Though I appreciate that you’re trying to remind us to be compassionate in a culture that can be glib and flippant about suffering in the world, you might be taking this a bit too far.

    I’ve used the term “drinking the kool-aid” many times. My understanding was always that it referred to San Francisco in the mid-60s, when LSD spiked kool aid was served freely at concerts. The idea was that you had to drink the kool aid to “get” the music and get in the groove.

    That meaning predates the Jonestown massacre certainly, so in that sense it’s a bit unfair to hold people to one context when they may mean another. But furthermore, everytime I’ve heard and used the expression, I never meant it to mean “let’s all commit suicide”. Rather I (and I believe Trudeau) mean that the speaker wants others to arrest their critical faculties and simply go along with the speaker’s policies or ideas without question or doubt.

    I realize there’s some overlap there, and I also realize you may simply be unaware of the other connotation. And, I have to admit that I’ve made some pretty dark jokes in my lifetime that probably aren’t tasteful. But I don’t think I can be fairly accused of dehumanizing anybody, nor can Trudeau. At least not this time :-)

  8. Jeremy

    OK, I admit it: I didn’t read the comments completely before I posted mine. Still, I hope the Wiki entry documents my case a little better.

    Anyway, Charles, what’s your opinion on dark humor as a way to deal with tragedy? I think it’s too simple to dismiss any humorous invocation of tragedy as simply unacceptable (not that that’s your position, but it’s the logical extension of it). The reality is that the human experience is sometimes a bit more complicated, and for the living to cope with horrible events, I’m in favor of whatever mechanisms they need invoke to maintain sanity and perspective.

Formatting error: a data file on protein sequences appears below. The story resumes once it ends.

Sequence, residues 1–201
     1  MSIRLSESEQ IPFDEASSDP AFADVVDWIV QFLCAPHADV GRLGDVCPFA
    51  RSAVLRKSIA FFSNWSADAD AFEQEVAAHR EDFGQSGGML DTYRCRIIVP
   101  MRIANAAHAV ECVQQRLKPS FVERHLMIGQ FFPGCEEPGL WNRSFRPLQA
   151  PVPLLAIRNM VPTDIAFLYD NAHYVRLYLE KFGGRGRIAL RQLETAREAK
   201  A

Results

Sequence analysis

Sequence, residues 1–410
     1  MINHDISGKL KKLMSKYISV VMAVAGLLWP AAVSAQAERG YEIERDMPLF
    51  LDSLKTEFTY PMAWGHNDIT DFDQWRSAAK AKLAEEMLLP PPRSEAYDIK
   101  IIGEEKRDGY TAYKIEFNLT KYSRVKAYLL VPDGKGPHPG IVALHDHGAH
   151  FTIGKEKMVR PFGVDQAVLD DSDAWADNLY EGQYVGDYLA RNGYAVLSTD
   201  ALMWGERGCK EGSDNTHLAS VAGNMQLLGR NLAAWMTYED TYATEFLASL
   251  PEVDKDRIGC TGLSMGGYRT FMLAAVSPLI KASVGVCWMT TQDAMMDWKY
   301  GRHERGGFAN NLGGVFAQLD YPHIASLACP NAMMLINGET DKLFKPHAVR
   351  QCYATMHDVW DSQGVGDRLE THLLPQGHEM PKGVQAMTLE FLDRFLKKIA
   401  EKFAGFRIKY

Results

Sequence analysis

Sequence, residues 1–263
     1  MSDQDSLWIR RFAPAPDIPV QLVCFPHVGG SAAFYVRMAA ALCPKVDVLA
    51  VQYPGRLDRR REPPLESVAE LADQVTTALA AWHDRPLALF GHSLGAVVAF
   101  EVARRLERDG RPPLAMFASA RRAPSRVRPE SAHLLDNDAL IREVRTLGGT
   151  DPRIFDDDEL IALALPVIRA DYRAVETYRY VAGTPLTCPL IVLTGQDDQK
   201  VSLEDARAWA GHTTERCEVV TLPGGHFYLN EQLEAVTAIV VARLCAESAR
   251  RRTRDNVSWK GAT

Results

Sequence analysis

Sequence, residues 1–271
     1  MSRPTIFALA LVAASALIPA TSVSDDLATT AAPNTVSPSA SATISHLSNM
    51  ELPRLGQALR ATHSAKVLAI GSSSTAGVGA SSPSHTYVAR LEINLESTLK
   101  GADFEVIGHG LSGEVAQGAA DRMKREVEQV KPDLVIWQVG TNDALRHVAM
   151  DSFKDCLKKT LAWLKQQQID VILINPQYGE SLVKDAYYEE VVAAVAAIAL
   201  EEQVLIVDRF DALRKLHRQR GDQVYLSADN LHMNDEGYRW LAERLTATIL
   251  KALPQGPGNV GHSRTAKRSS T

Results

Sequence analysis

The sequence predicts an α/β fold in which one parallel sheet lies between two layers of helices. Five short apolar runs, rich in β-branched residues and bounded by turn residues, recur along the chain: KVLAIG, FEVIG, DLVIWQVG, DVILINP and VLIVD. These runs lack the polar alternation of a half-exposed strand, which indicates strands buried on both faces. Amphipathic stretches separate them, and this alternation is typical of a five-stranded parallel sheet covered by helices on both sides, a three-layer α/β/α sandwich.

There’s probably healthy and unhealthy forms, but we’re never going to get the formula correct. Thank God for those immortal letters: IMHO.

  9. Jesse Walker

    Comedy = tragedy + time.

    Unfortunately, in this case the joke has already been reduced to a cliché, so the Doonesbury strip is lame as hell. But should’t be offensive, except perhaps to the ghost of the young Garry Trudeau.

  10. Rad Geek


    For what it’s worth, I used to make joking references to kool-aid drinking, too, but I later thought better of it. My aim here isn’t so much to scold people as to encourage them to think about things differently.

    As to your question, I don’t have any general beef with black humor, but I think there are specific features of Jonestown jokes that make them both callous and unfunny on reflection.

    For example, I don’t buy the cathartic defense in this specific case. Maybe that’s what happens with some black humor, but drinking the Kool-Aid jokes aren’t really used to cope with the horror at Jonestown; they casually invoke the horror at Jonestown in order to make a point about something else.

    Similarly, the humor isn’t used (as it is in, say, Dr. Strangelove) to mock the follies and the vices of the powerful, or (as in, say, Candide) to encourage the audience to sympathize with and identify with the protagonist/victims as limited and fallible human beings. Rather, the joke functions to distance the speaker from the suicides and murder victims at Jonestown, and to dismiss them as a bunch of marginally human crazies.

    I also think that even in the best of cases, black humor ought to be something that makes you uncomfortable. Things can be both funny and discomforting at the same time; but I don’t think that this is one of those cases. If anything, the effect of the joke is not to discomfort the intended audience, but rather to reinforce their comfort in their prejudices against both the cultists at Jonestown and also against the primary target of the joke.